Just over a year ago Gary and I were traveling on the ferry toward Quadra Island, B.C. on our way to interview Terry Phillips at her studio. Terry is a textile artist who incorporates mixed media in her work to bring out the colours and texture of a diverse group of subjects. Her other interests include gardening and baking. She took us on a tour of her vegetable and fruit garden which was enough to make me drift off dreaming of the garden I will tend to one day. When the garden tour and the interview were done Terry invited us to stay for some lunch. She had prepared a homemade split pea soup with fresh out of the oven homemade bread. I have been waiting all my life to find a bread recipe like Terry’s as I have tried many but have never been completely satisfied with the results. Needless to say I requested the recipe and asked if I could feature it in a Culinary ArtsQuest blog. Luckily for me and you the answer was yes!

Terry Phillips

Terry Phillips

Click the thumbnail to see the larger image.


If you haven’t had the opportunity to see our interview with Terry Phillips you can find it by clicking here.


Hopespring Hearty Bread

Use organic ingredients when possible.

6 Cups of cold water
3 tsp of salt
4 tsp of yeast
1/4 cup of ‘Fancy” molasses (the others have sulphites in them)
1 cup of uncooked 7 grain cereal (adds seeds and bits)
1 cup of fine ground oats (grind in food processor as it adds a nice moist and chewy texture)
1 cup of sunflower seeds
1/2 cup of flax seeds
1/2 cup of sesame seeds
1 cup of olive oil (don’t skimp here or use some other type of oil)
4 eggs (adds lecithin which aids in texture and shelf life)
Optional: juice of one lemon or 2 Tbsp of cider vinegar (these have enzymes which aid in destroying the phytic acid in the wheat)

Stir the above ingredients with a hand mixer and then add 10 – 12 cups of organic whole wheat flour, mixing after every cup. I never count the cups of flour going in. When it starts getting too thick for the mixer, then I stop adding whole wheat flour. Cover and let sit in the fridge for 20 – 40 minutes. This is called the sponge stage and is to help soak the wheat bran which helps destroy the phytic acid. Phytic acid causes discomfort in some people when they eat whole wheat bread.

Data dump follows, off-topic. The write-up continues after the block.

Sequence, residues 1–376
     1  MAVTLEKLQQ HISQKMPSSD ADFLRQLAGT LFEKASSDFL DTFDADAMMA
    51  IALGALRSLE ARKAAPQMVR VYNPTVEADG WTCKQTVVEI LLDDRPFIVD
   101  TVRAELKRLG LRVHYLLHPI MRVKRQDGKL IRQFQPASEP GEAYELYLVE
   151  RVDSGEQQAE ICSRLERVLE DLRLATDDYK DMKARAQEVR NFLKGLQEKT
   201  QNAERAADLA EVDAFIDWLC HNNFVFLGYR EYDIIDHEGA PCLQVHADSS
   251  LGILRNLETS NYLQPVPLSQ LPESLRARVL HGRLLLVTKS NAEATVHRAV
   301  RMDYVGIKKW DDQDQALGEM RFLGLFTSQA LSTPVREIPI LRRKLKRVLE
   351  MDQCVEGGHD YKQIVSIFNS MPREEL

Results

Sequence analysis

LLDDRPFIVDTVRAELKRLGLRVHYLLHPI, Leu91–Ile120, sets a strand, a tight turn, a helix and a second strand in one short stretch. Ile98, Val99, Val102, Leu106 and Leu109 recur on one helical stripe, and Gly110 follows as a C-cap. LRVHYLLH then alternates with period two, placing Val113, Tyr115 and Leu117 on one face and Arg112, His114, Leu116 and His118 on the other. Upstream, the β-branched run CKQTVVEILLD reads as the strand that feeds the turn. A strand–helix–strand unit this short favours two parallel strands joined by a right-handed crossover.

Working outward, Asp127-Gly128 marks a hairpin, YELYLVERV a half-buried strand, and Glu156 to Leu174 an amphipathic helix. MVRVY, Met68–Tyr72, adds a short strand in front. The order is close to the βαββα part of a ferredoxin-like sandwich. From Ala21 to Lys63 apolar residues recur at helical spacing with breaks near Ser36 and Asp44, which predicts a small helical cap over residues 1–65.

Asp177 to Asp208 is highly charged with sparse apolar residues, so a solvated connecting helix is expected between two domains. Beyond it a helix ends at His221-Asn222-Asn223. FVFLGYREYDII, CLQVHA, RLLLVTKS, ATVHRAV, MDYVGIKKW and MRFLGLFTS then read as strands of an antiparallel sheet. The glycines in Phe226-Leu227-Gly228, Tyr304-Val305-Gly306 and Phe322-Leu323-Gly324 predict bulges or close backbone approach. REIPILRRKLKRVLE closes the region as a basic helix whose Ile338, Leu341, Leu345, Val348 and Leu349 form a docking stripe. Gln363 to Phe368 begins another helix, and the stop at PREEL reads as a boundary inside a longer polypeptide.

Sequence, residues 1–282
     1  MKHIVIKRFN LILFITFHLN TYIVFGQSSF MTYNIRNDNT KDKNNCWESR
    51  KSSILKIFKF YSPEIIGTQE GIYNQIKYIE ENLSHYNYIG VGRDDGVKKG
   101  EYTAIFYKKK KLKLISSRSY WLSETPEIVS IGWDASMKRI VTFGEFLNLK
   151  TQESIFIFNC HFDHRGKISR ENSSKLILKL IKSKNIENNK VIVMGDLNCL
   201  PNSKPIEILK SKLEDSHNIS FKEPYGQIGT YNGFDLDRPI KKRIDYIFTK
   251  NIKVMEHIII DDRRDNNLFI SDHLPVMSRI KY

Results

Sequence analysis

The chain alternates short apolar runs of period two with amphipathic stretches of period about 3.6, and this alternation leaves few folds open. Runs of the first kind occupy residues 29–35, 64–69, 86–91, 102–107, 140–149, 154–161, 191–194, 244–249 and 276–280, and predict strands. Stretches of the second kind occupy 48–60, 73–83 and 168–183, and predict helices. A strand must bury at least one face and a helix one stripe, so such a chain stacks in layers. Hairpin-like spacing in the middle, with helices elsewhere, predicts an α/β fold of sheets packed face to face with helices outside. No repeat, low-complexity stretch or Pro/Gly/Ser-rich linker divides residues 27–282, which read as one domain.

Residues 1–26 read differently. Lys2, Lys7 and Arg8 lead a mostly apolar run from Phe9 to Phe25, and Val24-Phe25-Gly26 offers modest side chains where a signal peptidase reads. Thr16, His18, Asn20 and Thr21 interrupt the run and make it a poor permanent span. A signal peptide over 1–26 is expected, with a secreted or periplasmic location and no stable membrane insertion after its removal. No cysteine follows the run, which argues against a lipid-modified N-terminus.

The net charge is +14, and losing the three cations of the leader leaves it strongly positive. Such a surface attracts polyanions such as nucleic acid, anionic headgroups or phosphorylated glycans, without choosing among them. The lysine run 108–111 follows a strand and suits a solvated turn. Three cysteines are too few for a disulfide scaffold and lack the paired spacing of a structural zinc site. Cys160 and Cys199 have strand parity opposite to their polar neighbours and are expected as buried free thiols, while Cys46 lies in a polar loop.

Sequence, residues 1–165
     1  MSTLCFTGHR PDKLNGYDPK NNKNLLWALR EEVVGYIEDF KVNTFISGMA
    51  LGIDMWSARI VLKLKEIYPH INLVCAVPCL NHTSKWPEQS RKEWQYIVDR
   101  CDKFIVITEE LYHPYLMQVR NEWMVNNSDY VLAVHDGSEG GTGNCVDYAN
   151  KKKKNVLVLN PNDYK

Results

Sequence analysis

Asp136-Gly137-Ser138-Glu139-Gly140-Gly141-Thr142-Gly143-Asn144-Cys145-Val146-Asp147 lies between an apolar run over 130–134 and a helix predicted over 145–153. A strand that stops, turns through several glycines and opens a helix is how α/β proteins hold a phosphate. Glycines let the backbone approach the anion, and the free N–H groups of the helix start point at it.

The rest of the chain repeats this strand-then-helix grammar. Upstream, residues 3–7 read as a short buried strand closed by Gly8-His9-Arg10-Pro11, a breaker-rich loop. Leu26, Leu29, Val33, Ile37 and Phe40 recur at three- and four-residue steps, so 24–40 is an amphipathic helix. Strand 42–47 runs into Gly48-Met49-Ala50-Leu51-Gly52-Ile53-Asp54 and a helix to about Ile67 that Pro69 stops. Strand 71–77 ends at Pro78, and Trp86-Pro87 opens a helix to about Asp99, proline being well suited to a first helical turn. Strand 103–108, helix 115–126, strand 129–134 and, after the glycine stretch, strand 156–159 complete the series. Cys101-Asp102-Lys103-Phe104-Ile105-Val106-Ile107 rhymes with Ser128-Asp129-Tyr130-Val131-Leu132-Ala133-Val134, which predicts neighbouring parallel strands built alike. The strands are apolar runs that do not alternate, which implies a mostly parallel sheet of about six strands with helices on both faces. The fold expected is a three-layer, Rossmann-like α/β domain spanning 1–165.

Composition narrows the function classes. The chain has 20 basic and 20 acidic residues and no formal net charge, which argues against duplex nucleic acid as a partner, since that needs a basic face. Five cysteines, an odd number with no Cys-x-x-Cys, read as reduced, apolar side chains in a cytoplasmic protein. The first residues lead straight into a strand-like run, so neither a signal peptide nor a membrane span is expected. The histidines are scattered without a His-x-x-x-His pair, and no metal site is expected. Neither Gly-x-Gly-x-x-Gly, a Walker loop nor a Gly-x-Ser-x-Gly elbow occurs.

After 20 – 40 minutes remove from the fridge and stir in 4 cups of unbleached flour. You will likely need to turn the dough onto a heavily floured surface and incorporate the rest of the unbleached flour by hand. The dough is still quite sticky at this point. A common mistake is to add too much flour; wetter dough means a moister loaf. Forget the heavy kneading. When the flour is incorporated you are done. Put some olive oil into your bowl and turn the dough into it and then turn it over once. Cover with a clean towel and put in the fridge for several hours, all day, or overnight. If you are in a rush you can use warm water and leave it in a warm spot until doubled (about 1 hour). However the best, most digestible bread comes from a cold, slow rise. If doing a cold rise I will turn the dough over half way through to keep the top from drying out and the dough from invading the rest of the fridge.

Take the dough out of the fridge to warm up. You can cut it into 4 pieces to help this. Usually after an hour it’s warm enough to proceed. Sprinkle some unbleached flour on your surface and knead each piece to shape into your loaf. Place into a greased loaf pan and cover for 35 – 60 minutes depending how warm or cool your kitchen is. When risen turn your oven to 375 F. Paint some beaten egg whites over the top of the loaves. Make a cut in the top of each loaf and sprinkle some unhulled seasame seeds on top.